log [ (calcite) / (Ca2+) ] = -13.27 + 2pH
Interpret this figure
According to this approach
The solid phase that controls solubility is the one that
produces the largest activity ratio for the free ionic species in solution
Largest log [ (solid) / (Ca2+) ] at certain pH
pH < 7.8, gypsum controls but pH > 7.8, calcite controls
Anhydrite doesn’t come into play under these conditions
Note that if PCO2 > 0.00032 atm (say, 0.003)
log [ (calcite) / (Ca2+) ] = -11.27 + 2pH
Note if (H2O) < 1 (say, 0.60)
log [ (anydrite) / (Ca2+) ] = 2.38
log [ (gypsum) / (Ca2+) ] = 2.18
Clearly, predictions depend on accurate Kdis values and
accuracy of assumed conditions (e.g., PCO2)
Other Approaches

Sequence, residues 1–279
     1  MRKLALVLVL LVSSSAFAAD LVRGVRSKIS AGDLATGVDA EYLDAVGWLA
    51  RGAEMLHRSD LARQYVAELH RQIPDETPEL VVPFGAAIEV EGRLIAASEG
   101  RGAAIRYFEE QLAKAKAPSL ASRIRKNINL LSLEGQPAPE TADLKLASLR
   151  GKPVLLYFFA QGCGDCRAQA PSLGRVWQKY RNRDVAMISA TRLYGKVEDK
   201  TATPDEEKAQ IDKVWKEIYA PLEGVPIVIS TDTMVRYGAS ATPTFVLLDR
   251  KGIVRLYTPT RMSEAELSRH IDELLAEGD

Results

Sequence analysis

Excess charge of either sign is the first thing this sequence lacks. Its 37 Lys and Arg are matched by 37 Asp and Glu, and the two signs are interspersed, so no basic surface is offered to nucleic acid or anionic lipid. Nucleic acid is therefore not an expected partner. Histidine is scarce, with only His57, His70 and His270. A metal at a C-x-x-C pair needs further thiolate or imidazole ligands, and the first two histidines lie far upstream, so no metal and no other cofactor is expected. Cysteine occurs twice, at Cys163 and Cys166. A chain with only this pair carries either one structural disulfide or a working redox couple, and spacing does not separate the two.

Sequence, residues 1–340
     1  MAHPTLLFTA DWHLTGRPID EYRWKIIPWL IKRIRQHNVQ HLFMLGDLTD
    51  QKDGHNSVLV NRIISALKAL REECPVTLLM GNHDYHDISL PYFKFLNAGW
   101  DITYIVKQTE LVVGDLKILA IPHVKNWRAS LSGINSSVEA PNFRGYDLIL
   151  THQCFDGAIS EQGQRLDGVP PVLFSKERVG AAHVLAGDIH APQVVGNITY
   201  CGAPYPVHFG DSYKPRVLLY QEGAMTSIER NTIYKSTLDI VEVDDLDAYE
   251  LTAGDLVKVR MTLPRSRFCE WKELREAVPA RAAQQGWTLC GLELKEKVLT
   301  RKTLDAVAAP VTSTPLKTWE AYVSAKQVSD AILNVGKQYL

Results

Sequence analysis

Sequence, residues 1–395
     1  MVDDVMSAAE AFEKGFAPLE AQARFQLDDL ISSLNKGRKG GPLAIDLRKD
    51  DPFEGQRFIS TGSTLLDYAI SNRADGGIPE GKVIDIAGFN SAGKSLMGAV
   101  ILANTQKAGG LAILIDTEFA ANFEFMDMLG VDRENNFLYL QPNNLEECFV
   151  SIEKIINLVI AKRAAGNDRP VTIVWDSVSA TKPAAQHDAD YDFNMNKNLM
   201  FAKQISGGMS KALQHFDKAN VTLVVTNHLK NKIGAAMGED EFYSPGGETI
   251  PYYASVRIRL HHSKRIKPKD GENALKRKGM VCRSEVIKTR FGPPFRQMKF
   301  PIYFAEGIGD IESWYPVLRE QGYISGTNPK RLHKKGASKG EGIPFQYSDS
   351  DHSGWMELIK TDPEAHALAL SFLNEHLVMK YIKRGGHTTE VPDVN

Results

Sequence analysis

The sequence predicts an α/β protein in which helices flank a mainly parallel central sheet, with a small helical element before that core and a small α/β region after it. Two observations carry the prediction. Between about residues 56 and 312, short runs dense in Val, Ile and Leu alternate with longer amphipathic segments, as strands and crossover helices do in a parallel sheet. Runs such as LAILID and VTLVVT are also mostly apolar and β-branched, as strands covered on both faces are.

Phosphate Fertilizer Reactions in Calcareous Soil
CaHPO4 • 2H2O = Ca2+ + HPO42- + 2H2O
logKdis = -6.67 DCPDH
CaHPO4 = Ca2+ + HPO42-
logKdis = -6.90 DCP
1/6 Ca8H2(PO4)6 • 5H2O + 2/3 H+ =
4/3Ca2+ + HPO42- + 5/6H2O
logKdis = -3.28 OCP
1/6 Ca10(OH)2(PO4)6 + 4/3H+ =
5/3 Ca2+ + HPO42- + 1/3H2O
CaCO3 + 2H+ = Ca2+ + CO2 + H2O
logKdis = -2.28 HA
logKdis = 9.75
calcite
Problem
Assume dissolution of calcite controls calcium concentration
Develop activity / ratio diagrams for
DCPDH
DCP
OCP
HA
-6.57 = log(Ca2+) + log(HPO42-) – log(DCPDH)
= 9.75 - 2pH – log(CO2) – log[(DCPDH) / (HPO42-)]
log[(DCPDH) / (HPO42-)] = 16.32 – log PCO2 – 2pH
log[(DCP) / (HPO42-)] = 16.65 – log PCO2 – 2pH
log[(OCP) / (HPO42-)] = 17.59 – log PCO2 – 2pH
log[(HA) / (HPO42-)]
= 21.24 – log PCO2 – 2pH
Some questions before proceeding. How does one arrive at
1/6 Ca8H2(PO4)6 • 5H2O + 2/3 H+ = 4/3Ca2+ + HPO42- + 5/6H2O
from
Ca8H2(PO4)6 • 5H2O = 8Ca2+ + 2HPO42- + 4PO43- + 5H2O?
Ca8H2(PO4)6 • 5H2O = 8Ca2+ + 2HPO42- + 4PO43- + 5H2O
4PO43- + 4H+ = 4HPO42-
1/6 Ca8H2(PO4)6 • 5H2O + 2/3 H+ = 4/3Ca2+ + HPO42- + 5/6H2O
for which log Kdis = -3.28
From this, how does one arrive at
log[(OCP) / (HPO42-)] = 17.59 – log PCO2 – 2pH
using (Ca2+) = Kdis(CaCO3)(H+)2/PCO2(H2O) or